Singapore Cryptocurrency News: HelloGold, G-BiT
Singapore-based fintech company HelloGold has received certification for its gold-backed virtual currency that entirely complies with Sharia law.
The company has been granted permission to operate its cryptocurrency product GOLDX by Malaysia-based Islamic finance consultancy Amanie Advisors. The new digital currency was introduced by HelloGold at the end of 2017.
Unlike other virtual currencies, GOLDX involves the issuance of a token backed by physical gold stored in a vault in Singapore, and transactions must be completed within a defined time period, according to chief marketing officer Manuel Ho as quoted by Reuters. The listed terms reportedly guarantee transparency, certainty and immediacy of transactions, which are the basic principles for Islamic financial contracts.
The step may boost the number of fintech corporations willing to expand into Islamic finance markets, opening up such regions as the Middle East and Southeast Asia.
Last year, HelloGold launched a blockchain-based mobile application in Malaysia. The app, which provides users with an opportunity to buy and sell physical, investment-grade gold, was also certified by Amanie Advisors. The company plans to extend its online gold platform in Thailand later this year, with the third market expected to emerge by the end of 2018.
HelloGold is also exploring other unspecified assets for its blockchain technology, which involves a shared electronic ledger that allows parties to track transaction information through a secure network.
In September, the head of Malaysia’s central bank said that the office was working on regulations for trading and exchanging cryptocurrencies. Muhammad bin Ibrahim stressed that enterprises converting cryptocurrencies into cash will be on the radar of Malaysia’s Bank Negara.
Missing out on bitcoin’s wild rally may not be the worst thing in the world. You could be sitting on a fortune unable to access it. Data shows up to 23 percent of bitcoins currently in circulation may be lost forever.
It is impossible to say exactly how many bitcoins are being hoarded and how many will never be recovered. According to estimates from blockchain analysis company Chainalysis, between 2.78 million and 3.79 million bitcoins worth up to $50 billion at current prices are already gone for good.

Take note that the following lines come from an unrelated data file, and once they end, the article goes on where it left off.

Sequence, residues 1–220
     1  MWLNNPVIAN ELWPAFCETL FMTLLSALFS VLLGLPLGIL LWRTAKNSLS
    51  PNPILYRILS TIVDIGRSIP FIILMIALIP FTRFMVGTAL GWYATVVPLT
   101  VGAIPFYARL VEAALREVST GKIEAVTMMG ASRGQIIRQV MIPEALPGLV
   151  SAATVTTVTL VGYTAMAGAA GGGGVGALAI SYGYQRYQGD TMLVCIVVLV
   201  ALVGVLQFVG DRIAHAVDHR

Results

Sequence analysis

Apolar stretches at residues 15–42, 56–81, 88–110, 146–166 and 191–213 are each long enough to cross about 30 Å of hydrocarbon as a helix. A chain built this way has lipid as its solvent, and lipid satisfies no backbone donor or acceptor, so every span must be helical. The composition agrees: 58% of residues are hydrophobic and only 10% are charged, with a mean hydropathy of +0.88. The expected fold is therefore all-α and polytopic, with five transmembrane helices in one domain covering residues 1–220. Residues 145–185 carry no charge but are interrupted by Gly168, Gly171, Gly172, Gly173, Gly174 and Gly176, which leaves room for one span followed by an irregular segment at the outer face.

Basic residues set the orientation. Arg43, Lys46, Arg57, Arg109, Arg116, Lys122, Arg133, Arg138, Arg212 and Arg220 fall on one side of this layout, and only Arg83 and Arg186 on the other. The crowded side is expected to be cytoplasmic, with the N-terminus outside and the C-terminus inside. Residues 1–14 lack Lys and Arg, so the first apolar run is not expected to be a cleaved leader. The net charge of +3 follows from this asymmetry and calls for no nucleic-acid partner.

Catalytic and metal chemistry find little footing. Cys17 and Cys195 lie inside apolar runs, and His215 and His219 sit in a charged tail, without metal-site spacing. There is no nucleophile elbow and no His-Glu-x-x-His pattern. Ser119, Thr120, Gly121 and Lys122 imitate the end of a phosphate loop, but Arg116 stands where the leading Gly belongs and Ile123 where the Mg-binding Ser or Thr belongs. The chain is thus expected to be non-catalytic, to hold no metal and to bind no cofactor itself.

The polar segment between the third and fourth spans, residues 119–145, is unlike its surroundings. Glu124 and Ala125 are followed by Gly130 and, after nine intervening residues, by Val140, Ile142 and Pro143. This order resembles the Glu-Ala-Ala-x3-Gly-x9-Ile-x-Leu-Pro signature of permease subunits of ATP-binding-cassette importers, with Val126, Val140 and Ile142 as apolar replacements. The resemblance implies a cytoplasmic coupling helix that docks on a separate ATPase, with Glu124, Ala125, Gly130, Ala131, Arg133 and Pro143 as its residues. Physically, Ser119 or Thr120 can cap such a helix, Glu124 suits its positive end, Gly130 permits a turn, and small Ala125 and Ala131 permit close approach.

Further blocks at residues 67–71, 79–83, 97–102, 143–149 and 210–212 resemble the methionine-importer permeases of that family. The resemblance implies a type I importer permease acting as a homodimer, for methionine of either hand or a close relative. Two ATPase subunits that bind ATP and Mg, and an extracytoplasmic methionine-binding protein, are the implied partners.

The findings were based on a detailed empirical analysis of the blockchain where all bitcoin transactions are recorded. Chainalysis used age and transaction metrics to work out which bitcoin hasn’t been moved in a very long time.
The firm also estimated that some two percent of all bitcoins traded throughout 2017 were lost. That accounts for a billion dollars’ worth of the digital currency.
Such losses are expected to continue, but they should gradually become rarer, Chainalysis said, explaining it that owners are taking added care of their cryptocurrency as its value spiked during the year.
Analysts say one of the main reasons behind the lost cryptocurrencies is forgotten passwords because storing bitcoins works in such a way they can’t be recovered without crucial information.
Having a cryptocurrency “wallet” on a hard drive or flash drive means it is protected from being stolen online. However, if the owner loses access to the device, the coins are also lost forever. Many early miners and investors have misplaced the currency before it was ever worth anything.
Experts from Chainalysis suggest around a million of the lost bitcoins could belong to the cryptocurrency’s mysterious inventor Satoshi Nakamoto. His fortune is thought to currently stand at over $17 billion and could turn him into the world’s first trillionaire. According to media reports, Nakamoto has never spent a single coin.
To recover their lost or forgotten passwords desperate bitcoin investors are turning to different methods, including hypnosis and ‘brute force’ attacks with a supercomputer. The so-called crypto-hypnotists say they could help people recall forgotten passwords or find misplaced storage devices.
Investor Philip Neumeier bought 15 bitcoins for roughly $260 in 2013 when he wanted to accept the virtual currency on his e-commerce site. Trying to recover the long-forgotten password to his cache, which has skyrocketed in value to nearly $200,000, the distraught investor considered hypnosis but decided instead to build a supercomputer to crack the code.
The editor of Wire and founder of the website Boing Boing, Mark Frauenfelder published a story on his four-month unsuccessful attempts to recover the password of a bitcoin wallet with the help of hypnosis. He finally got access to the wallet after appealing to hackers.
However, nothing could help James Howells, a British IT worker who claims he threw away a hard drive with 7,500 bitcoins on it in 2013. Worth $130 at the time, their value today – around $100 million.
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